What you need to do:
Look over #0 – especially if the concepts from the first readings were confusing. Reading #3 (rainbow color maps) is required. You should look at some of #1 (at least the web page, some reading). Take a quick glance at #5 – its quick and fun. Read over at least one of #4 – don’t worry about the details (unless you want to), but try to get an idea of the issues involved. And then look over #2 (to whatever depth you want)
And in the comment mention: what you read, and any insights you got from looking at color from all of these different perspectives.
(due Tuesday, March 10)
Color is a big enough topic that we’ll probably want to spend more than 1 day on it. I’m planning at least 2. For the first color discussion, we’ll have two readings: one on the use of color, the other on some more technical issues.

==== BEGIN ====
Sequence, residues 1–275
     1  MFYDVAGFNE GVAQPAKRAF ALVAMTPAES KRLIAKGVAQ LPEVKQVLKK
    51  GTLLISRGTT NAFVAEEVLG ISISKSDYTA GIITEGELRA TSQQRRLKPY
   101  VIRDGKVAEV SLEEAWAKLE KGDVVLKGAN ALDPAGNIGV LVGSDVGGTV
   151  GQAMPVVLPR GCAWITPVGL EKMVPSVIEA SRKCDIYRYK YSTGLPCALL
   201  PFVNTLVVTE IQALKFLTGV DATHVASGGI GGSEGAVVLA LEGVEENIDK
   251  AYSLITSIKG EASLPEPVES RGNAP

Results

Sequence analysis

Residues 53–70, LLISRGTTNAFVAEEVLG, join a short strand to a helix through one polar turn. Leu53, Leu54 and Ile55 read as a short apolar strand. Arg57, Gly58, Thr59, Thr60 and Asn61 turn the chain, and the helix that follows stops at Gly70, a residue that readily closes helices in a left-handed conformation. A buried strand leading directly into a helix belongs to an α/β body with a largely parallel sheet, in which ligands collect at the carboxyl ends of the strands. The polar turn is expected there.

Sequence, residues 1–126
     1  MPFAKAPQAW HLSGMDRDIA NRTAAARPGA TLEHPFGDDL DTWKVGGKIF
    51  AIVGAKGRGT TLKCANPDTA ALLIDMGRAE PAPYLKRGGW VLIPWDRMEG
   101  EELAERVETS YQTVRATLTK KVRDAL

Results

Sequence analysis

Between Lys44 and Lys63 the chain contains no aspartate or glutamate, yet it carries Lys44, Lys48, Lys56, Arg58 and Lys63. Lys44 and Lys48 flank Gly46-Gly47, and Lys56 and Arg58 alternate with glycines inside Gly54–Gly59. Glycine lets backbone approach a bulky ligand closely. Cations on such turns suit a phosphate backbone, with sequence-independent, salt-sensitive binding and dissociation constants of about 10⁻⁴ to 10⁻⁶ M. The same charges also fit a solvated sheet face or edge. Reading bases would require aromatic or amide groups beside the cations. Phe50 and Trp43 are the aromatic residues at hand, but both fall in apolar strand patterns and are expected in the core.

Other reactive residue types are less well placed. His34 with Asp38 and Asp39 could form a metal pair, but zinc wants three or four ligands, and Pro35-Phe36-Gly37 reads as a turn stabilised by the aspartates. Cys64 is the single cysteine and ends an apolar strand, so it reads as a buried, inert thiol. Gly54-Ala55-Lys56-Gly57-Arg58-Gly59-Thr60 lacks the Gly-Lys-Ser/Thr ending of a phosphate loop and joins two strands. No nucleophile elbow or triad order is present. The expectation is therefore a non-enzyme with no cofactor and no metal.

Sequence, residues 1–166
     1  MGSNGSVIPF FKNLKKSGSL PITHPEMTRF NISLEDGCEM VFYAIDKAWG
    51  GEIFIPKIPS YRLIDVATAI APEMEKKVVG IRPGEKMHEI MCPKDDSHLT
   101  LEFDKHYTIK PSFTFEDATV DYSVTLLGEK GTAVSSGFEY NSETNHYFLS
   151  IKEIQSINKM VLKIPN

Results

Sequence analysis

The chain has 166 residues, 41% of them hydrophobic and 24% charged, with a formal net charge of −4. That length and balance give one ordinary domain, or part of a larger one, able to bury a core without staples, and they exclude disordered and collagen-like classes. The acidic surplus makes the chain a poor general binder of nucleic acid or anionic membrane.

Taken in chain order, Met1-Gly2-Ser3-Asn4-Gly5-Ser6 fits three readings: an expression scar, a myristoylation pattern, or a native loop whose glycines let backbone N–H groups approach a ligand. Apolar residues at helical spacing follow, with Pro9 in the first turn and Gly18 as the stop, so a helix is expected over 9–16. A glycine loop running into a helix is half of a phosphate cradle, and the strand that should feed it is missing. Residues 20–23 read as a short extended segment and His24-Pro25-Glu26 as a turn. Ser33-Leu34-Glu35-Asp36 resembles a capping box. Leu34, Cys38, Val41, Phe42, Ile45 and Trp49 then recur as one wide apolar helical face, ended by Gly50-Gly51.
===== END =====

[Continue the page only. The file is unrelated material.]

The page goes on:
Chapter 4 of Colin Ware’s Visual Thinking for Design (we’re working through it in order)
Representing Colors as Three Numbers by Maureen Stone. This appeared in IEEE Computer Graphics and Applications, and is a nice summary of the science of color (much better than the chapter of the 559 textbook).
As usual, post a comment indicating that you’ve read these. One thing to think about: how do the technical issues (described by Stone) connect to the design issues (described by Ware).
Here is a simple example of a trajectory (an evolution of the group).
In each case, we start out with things in 2 groups, and the nodes reconnect into 3 groups. There are 3 intermediate steps.
I have generated this data for two different network sizes (12 and 18).